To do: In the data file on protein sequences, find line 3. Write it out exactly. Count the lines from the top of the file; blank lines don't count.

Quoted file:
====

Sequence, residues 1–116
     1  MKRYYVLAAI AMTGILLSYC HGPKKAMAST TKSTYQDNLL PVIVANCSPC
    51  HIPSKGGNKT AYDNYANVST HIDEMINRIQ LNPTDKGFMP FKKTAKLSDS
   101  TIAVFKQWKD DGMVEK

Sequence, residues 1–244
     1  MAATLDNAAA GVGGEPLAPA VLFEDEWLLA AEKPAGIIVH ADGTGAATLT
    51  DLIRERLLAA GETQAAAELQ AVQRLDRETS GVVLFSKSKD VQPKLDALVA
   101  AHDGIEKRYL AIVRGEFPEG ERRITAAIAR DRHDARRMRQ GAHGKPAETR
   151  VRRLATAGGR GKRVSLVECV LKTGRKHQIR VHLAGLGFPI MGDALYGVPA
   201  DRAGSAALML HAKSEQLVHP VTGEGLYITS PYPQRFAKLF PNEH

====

    51  HIPSKGGNKT AYDNYANVST HIDEMINRIQ LNPTDKGFMP FKKTAKLSDS